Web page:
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Clarifying Employee Policy vs. Legal Marijuana in Washington

Posted by Steve Karimi | Dec 14, 2017 | 0 Comments

Washington is a pioneer in the US legal marijuana journey. When the bill to legalize marijuana was approved, new questions surfaced that are still being answered. One of the big rocks in the path has been and continues to be this question: if pot is legal, can employers still require passing drug tests and marijuana abstinence as part of employment? To understand this question, one must understand the difference between illegal activity and an activity prohibited according to employer drug policy. Private employers have rights to limit activities just as Washington citizens now are legally permitted to use marijuana.

Employer Policies and Marijuana

Drug testing is one tool employers use to maintain a strong workforce and to limit illegal activity on the job as part of the employer drug policy. As with most states, Washington employers can test for drugs—legal and illegal. Employment law governs the nature of the allowable tests and what can and can't be tested. Also, privacy laws limit employer access to medical information.

At the core of the employer issue with drug testing lies the fact that "legal" is not the same as "allowable" when referenced in a work environment. Employers are not compelled to permit marijuana use or possession at work simply because it is a legal activity in Washington. Many activities are legal yet are universally understood not to be permitted at work or during the workday. For example, drinking alcohol is a legal activity for adults yet few, if any, employers allow employees to imbibe at work.

Federal Marijuana Laws and Drug Tests

Some employers are governed by another layer of laws involving drug tests. Private employers that receive federal funds or federal employers are often compelled to conduct testing for drugs because of federal law. While marijuana has been made legal under state law, it remains prohibited under federal law.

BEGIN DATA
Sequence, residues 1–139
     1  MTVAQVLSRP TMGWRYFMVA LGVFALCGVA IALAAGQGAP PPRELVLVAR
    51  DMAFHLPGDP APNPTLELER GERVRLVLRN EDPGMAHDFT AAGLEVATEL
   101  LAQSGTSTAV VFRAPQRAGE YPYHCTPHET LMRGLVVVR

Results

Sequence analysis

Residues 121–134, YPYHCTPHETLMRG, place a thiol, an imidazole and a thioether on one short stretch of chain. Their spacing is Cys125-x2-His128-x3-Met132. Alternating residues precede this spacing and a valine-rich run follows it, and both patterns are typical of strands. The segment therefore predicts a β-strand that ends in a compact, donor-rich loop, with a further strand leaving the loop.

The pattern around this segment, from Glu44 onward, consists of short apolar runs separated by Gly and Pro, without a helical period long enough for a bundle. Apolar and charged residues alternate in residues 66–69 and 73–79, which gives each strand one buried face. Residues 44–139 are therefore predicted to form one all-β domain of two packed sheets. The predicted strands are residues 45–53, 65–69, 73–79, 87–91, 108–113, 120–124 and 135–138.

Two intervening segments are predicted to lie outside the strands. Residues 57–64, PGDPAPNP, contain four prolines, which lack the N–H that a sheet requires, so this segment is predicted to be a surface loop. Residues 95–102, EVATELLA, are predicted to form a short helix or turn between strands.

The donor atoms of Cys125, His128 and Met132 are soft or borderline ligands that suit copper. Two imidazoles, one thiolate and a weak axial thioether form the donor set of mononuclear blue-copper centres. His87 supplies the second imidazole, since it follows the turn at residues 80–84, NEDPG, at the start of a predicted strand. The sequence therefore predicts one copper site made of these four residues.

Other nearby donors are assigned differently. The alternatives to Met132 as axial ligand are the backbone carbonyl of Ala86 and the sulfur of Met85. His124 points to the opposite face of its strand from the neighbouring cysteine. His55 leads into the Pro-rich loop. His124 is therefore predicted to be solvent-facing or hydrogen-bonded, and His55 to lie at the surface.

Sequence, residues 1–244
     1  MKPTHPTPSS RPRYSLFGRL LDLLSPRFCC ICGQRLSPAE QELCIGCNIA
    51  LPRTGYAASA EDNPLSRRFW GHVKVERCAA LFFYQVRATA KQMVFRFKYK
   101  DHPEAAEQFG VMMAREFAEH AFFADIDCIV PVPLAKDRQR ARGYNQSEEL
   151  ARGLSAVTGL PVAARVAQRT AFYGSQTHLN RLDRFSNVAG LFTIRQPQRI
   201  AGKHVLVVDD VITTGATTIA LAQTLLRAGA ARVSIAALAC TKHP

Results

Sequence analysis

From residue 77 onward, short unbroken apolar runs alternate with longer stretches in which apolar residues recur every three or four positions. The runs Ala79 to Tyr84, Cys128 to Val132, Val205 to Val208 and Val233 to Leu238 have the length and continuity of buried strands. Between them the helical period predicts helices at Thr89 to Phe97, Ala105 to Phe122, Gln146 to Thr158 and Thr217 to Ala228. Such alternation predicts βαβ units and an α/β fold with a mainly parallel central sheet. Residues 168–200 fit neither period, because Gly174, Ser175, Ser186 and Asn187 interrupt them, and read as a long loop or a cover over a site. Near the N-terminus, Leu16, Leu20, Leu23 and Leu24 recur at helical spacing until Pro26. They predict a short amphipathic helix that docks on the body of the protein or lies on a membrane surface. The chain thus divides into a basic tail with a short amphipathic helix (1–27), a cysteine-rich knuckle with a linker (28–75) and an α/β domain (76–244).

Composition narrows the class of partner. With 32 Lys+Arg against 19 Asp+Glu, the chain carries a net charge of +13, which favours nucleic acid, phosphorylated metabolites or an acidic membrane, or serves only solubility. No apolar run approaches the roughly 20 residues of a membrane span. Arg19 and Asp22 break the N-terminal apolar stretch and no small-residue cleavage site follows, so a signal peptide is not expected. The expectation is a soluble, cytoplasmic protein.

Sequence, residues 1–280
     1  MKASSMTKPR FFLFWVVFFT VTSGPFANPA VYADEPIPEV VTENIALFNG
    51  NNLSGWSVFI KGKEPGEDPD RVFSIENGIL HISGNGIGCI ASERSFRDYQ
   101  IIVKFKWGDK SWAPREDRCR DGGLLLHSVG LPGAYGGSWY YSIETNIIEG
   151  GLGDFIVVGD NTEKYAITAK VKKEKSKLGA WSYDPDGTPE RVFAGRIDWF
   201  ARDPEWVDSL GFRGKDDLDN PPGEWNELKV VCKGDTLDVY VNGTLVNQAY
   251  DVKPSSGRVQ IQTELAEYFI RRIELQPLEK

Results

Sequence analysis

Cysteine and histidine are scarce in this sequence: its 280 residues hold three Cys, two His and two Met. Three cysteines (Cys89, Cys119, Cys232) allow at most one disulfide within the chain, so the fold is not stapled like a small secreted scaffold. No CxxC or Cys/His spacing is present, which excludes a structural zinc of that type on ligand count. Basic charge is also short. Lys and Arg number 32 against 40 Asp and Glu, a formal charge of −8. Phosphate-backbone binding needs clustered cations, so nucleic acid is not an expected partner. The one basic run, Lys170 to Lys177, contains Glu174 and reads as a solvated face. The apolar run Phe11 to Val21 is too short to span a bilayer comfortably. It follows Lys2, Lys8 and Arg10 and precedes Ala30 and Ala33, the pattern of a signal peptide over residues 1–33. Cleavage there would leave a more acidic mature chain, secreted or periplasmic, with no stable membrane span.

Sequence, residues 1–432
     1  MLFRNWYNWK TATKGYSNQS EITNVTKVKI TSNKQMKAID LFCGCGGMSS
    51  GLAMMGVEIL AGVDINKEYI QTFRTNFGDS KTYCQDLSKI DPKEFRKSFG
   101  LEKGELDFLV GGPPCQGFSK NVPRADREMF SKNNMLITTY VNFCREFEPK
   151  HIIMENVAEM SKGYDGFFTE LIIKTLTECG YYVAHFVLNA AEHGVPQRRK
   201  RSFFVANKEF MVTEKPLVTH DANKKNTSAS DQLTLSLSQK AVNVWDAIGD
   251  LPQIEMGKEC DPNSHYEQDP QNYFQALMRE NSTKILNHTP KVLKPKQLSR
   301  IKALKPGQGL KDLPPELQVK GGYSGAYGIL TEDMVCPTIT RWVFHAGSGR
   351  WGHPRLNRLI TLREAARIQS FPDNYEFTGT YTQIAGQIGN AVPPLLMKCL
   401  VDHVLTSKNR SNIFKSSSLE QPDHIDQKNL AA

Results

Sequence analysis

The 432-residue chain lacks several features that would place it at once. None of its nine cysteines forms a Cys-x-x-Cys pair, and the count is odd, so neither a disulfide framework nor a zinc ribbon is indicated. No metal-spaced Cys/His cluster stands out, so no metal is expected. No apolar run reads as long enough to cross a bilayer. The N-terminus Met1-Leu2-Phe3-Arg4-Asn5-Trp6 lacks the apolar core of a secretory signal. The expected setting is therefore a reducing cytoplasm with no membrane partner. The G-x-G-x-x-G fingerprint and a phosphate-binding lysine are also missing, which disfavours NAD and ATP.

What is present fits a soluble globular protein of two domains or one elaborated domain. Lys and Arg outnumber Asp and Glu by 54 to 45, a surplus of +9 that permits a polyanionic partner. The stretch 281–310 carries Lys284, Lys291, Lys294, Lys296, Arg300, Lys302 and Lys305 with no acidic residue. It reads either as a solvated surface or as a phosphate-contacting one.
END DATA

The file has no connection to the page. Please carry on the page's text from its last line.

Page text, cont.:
Drug tests are complicated when marijuana is involved because it remains in the user's blood system for up to a month. If an employer tests for drug use and a positive test results, a murky area exists where the employer can terminate the person for violating drug policy when the user may not have consumed marijuana at any time when he or she was at work. The employer's policy and how specific it is or is not will be a factor.

Your Marijuana Challenge and Criminal Defense Attorney

If you are being terminated, disciplined, or prosecuted for an employment-related situation involving marijuana, you have rights. To learn more about how to solve your problem, you can get answers by speaking with experienced criminal defense attorney Steve Karimi. As a former prosecutor, Steve learned the Washington court system inside and out. He can help you determine your best course of action in preserving your reputation and knowing your rights. Contact him online or call today at 206-660-6200 to get some clarity on your resolution.

About the Author

Steve Karimi

Steve Karimi attended Pepperdine University School of Law. After graduation he worked as a prosecutor in Seattle where he gained valuable insight to the criminal justice system. Attorney Karimi uses his experiences as a prosecutor everyday only now he fights for the justice of those accused.

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If you were arrested or a loved one has been charged with a crime in Seattle or surrounding areas of Washington State, the Law Offices of Steve Karimi can help. Call 206-621-8777 during regular business hours or 206-660-6200 24 hours a day for a free consultation.

Seattle Defense Lawyer

Named a "rising star" in criminal defense by Washington Law and Politics magazine, Mr. Karimi is a former prosecutor for King County who uses his insight into prosecution strategies to protect his clients' rights in criminal court.